correcting the input beams by a first phase correction device;
passing a portion of the input beams through a first beamsplitter, through a polarizing beamsplitter, and through a second phase correction device that is conjugate to a finite range z, whereupon the compensated input beams are subsequently focused, spatially filtered, isolated in wavelength, expanded, shifted in phase, polarized to be orthogonal to the polarization of the input beam and re-combined thereby generating a set of reference beams that, with proper alignment of path lengths, are temporally coherent with their respective input beams;
propagating the reference beams back through the second phase correction device, reflecting it off the polarizing beamsplitter, and rotating the polarization to match the input beams;
propagating and spatially filtering via a relay optic the reference and input beams between conjugate planes of the first and second phase-correction devices to interfere the reference and input beams and measure the resultant interference pattern to obtain a measurement of the phase error averaged over the multiple directions at the plane of each phase correction device utilizing a total of two detectors; and
independently commanding the first and second phase correction devices based on the phase error signal between the input and reference beams.
The conditions under which this invention was made are such as to entitle the Government of the United States under paragraph I(a) of Executive Order 10096, as represented by the Secretary of the Air Force, to the entire right, title and interest therein, including foreign rights.
This invention relates to the control of adaptive optical elements, and more particularly to a method for the compensation of amplitude and phase fluctuations that result from the propagation of light through an extended turbulent medium.
Deformable mirrors have been used in recent years in astronomical telescopes to compensate for distortions of incident light caused by atmospheric turbulence. While the atmosphere distorts the wave front in both amplitude and phase, at the high angles that astronomical telescopes normally operate (within 60° of zenith), only the phase fluctuations are significant. Both phase and amplitude fluctuations, however, are significant for lower elevation angles or for extended horizontal paths.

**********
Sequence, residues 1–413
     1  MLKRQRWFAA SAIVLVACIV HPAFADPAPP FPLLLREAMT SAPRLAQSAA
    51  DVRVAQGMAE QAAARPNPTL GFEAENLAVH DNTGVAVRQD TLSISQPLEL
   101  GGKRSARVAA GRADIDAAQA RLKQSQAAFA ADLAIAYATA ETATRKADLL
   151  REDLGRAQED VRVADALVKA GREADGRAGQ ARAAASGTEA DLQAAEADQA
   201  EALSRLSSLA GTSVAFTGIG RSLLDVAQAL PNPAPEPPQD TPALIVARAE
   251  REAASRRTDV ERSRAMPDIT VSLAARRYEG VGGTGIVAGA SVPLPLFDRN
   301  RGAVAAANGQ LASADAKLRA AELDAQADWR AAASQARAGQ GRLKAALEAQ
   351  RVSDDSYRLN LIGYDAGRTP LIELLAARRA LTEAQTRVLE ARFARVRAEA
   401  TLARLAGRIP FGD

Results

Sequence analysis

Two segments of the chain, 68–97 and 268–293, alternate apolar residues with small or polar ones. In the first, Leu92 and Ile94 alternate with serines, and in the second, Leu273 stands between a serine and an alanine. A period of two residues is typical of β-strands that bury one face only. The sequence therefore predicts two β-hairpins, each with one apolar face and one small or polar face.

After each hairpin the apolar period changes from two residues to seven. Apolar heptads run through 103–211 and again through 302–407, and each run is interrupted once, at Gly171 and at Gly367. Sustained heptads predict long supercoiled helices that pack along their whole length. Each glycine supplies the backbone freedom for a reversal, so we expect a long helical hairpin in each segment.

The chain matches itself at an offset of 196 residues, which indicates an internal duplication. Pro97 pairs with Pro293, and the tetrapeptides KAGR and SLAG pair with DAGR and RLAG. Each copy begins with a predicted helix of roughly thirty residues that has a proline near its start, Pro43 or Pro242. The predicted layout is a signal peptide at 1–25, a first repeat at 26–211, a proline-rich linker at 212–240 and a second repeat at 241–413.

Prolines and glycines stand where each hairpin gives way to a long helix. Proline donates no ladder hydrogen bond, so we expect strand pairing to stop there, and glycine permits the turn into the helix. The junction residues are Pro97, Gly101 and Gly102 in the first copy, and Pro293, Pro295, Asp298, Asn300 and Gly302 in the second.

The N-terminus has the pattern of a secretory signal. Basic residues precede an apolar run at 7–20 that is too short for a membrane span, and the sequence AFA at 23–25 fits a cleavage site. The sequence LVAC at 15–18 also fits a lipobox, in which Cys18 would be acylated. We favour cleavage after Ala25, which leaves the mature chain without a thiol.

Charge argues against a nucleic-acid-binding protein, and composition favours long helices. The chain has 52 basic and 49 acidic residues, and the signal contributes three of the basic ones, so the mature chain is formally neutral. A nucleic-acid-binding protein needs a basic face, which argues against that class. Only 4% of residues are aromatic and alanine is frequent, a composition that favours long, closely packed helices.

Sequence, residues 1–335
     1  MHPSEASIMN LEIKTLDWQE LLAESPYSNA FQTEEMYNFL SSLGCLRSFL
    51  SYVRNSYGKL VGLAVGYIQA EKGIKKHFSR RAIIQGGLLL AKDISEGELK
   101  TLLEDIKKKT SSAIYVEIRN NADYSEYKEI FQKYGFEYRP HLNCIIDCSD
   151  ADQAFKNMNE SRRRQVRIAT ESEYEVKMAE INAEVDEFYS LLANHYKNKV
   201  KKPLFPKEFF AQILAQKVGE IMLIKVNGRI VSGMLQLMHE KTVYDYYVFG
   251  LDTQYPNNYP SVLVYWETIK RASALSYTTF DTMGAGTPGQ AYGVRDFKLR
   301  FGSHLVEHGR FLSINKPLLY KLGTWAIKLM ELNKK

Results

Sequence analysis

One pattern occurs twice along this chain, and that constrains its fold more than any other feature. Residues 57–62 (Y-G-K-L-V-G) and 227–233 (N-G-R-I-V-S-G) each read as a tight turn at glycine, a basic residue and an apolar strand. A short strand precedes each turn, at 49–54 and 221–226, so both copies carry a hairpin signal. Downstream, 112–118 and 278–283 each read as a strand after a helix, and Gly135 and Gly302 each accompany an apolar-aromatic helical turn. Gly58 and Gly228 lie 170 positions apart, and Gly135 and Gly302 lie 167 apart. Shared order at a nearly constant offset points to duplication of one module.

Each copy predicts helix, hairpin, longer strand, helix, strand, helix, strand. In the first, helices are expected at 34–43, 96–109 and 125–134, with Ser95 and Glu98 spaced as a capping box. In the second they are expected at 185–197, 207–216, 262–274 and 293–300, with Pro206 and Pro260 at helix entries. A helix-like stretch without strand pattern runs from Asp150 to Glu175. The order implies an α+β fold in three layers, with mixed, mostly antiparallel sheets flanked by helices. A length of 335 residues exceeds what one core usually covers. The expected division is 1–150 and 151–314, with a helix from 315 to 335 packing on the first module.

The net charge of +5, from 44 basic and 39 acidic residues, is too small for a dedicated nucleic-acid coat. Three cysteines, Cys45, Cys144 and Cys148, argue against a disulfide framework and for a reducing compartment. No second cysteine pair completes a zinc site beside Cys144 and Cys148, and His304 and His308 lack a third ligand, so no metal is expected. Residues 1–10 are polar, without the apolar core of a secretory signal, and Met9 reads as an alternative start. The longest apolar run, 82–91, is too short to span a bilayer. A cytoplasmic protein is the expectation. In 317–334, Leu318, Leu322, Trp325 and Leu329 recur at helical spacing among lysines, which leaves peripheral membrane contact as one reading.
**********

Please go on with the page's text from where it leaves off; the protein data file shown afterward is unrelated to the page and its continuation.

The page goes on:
Conventional adaptive optical (AO) astronomical systems in use today employ only a single-phase correction device (nominally a conventional flexible thin facesheet deformable mirror) to compensate for the random phase fluctuations induced by propagation through a turbulent medium. This is partly due to the operation of telescopes at high elevation angles. It is also due to the fact that there currently exists no practical system to compensate for both phase and amplitude fluctuations. The use of a single-phase correction device imposes two fundamental limitations. First, the compensated field of view is limited to just slightly larger than the isoplanatic angle, Θ0. The compensated field of view is the angular extent over which the imaging performance of a telescope system is acceptable. This is typically defined to be the angle over which the Strehl ratio (a measure of imaging performance ranging from 0 to 1) is greater than ½ that achieved by a single deformable mirror adaptive optical system along the optical axis. The isoplanatic angle is a theoretical approximation of the compensated field of view associated with a single deformable mirror adaptive optical system. Atmospheric turbulence can limit this value to be quite small leading to poor imaging performance everywhere except a very narrow cone angle. Second, when light propagates through extended turbulence, whether due to a long horizontal path propagation or due to imaging or propagation at low elevation angles, the amplitude as well as phase fluctuations begin to significantly degrade the performance of an imaging or propagation system.
Past research has focused on mitigating each of these two major limitations following two fairly distinct paths. When the amplitude fluctuations are very weak and the geometric optics approximation is valid, the compensated field of view can be increased by use of multiple wavefront sensing beacons to form a tomographic estimate of the phase in the atmosphere. Then, the optimal commands to be applied to an arbitrary number of phase correction devices can be determined to maximize the compensated field of view. The advantages offered by this approach are that it can be implemented as a linear system, and it is a natural extension of the current state of the art. This approach is referred to as the classical multi-conjugate adaptive optics technique. Although this approach is quite mature and work is underway worldwide in the astronomy community to implement multi-conjugate adaptive optical systems, due to the use of the geometrical optics approximation inherent in its development, this approach only addressed the first limitation (the compensated field of view).